In a mathematical competition, in which 6 problems were
posed to the participants, every two of these problems were solved by more
than 2/5 of the contestants.

Moreover, no contestant solved all the 6 problems.

Show that there are at least 2 contestants who solved exactly 5 problems
each.

source: IMO 2005

I have just made a table, based on the number of contestants (n), of how many pairs need to be solved, how many are solved if each student answers only 4 each, and the shortfall.

It looks like this:

n ***** pairs solved ***

needed if 4 each short

-- -------- ----------- ------

1 15 6 9

2 15 12 3

3 30 18 12

4 30 24 6

5 45 30 15

6 45 36 9

7 45 42 3

8 60 48 12

9 60 54 6

10 75 60 15

11 75 66 9

etc.

The 2nd column is 15*(the smallest integer greater than 2n/5)

The third column is just 6n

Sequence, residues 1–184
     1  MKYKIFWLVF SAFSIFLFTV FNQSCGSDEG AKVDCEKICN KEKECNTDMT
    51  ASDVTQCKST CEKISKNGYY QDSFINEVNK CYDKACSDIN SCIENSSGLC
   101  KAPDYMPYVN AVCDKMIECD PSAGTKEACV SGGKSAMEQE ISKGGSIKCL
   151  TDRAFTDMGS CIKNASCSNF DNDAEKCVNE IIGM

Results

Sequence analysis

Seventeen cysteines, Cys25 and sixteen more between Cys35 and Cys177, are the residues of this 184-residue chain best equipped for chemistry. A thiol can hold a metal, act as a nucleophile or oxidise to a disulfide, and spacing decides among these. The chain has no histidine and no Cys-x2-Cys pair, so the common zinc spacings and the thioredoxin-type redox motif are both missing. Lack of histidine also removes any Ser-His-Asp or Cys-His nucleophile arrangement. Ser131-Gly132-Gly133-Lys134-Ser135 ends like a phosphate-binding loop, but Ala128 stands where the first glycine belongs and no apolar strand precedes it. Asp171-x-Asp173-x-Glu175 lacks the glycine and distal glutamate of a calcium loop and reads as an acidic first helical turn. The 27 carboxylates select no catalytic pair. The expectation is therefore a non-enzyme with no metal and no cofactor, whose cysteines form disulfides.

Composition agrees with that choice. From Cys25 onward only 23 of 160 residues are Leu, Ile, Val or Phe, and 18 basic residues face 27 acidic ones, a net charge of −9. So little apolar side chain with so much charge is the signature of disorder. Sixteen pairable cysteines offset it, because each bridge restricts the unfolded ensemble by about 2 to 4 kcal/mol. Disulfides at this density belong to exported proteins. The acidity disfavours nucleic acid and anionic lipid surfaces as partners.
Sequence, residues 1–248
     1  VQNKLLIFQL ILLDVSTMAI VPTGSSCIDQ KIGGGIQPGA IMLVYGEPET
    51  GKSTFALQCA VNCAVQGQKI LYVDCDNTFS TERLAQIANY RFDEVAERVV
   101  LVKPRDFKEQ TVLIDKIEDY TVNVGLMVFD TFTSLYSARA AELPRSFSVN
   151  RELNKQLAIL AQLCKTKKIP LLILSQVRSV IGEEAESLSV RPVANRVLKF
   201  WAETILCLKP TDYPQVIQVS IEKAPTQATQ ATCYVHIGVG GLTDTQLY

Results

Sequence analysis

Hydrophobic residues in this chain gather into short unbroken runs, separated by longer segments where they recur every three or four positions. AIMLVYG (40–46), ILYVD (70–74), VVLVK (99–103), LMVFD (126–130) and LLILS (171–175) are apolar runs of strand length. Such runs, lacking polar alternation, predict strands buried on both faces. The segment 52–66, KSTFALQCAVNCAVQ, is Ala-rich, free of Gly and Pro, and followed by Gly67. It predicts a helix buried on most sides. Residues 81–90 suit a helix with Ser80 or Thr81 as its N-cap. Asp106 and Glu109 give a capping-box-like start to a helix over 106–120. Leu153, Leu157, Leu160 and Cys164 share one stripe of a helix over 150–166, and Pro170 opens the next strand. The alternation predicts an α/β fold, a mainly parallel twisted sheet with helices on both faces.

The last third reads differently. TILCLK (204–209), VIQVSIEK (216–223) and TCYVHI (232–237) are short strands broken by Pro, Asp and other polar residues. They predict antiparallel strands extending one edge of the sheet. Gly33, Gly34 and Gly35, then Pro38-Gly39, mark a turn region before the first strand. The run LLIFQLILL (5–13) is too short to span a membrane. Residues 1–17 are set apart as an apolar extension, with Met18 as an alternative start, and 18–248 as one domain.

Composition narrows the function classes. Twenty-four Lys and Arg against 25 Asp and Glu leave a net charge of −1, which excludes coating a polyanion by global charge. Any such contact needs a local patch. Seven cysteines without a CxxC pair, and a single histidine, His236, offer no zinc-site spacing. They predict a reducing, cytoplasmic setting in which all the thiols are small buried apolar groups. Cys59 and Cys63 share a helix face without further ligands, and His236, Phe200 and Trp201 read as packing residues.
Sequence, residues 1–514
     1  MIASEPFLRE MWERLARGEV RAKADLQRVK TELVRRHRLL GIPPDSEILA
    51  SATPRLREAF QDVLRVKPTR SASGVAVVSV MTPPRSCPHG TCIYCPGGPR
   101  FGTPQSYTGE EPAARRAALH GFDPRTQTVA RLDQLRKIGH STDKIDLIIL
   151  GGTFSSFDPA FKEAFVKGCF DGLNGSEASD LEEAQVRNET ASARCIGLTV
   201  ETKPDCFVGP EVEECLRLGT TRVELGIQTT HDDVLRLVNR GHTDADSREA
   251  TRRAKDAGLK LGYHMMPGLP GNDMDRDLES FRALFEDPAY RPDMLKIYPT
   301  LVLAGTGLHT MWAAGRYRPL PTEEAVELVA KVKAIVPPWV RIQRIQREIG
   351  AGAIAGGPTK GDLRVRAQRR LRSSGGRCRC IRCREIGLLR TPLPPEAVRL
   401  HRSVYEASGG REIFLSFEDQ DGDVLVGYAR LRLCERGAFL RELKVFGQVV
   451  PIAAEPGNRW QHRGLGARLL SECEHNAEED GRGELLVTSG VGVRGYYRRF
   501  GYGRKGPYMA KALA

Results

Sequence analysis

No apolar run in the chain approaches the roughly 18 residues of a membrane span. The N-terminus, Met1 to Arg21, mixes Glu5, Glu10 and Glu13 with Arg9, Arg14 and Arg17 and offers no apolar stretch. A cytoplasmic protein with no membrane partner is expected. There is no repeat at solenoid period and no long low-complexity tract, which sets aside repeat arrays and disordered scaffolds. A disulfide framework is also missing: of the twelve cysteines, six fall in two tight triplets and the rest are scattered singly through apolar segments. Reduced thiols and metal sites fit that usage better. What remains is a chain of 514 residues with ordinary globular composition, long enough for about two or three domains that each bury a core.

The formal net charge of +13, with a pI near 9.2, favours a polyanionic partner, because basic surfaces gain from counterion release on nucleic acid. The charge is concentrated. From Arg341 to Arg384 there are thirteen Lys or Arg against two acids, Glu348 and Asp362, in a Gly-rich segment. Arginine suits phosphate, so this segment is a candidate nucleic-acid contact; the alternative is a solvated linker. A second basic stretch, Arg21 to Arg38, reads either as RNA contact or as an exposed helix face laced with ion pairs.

And the shortfall is the difference. Note that it repeats in a cycle of 5.

Since each contestant that solves five adds an additional 4 pairs of solutions (solving 10 pairs instead of 6), it follows that if n = 5k+1, at least 3 more contestants must solve 5 problems in order to get 9 additional pairs solved.

Similarly,

5k+3 requires at least 3 more contestants who solved exactly 5

5k+4 requires at least 2 more

5k+5 requires at least 4 more

So, I am all set except for 5k+2 contestants. At least one contestant needs to solve 5 in order to cover the shortfall of 3, but I do not yet see why 2 are required.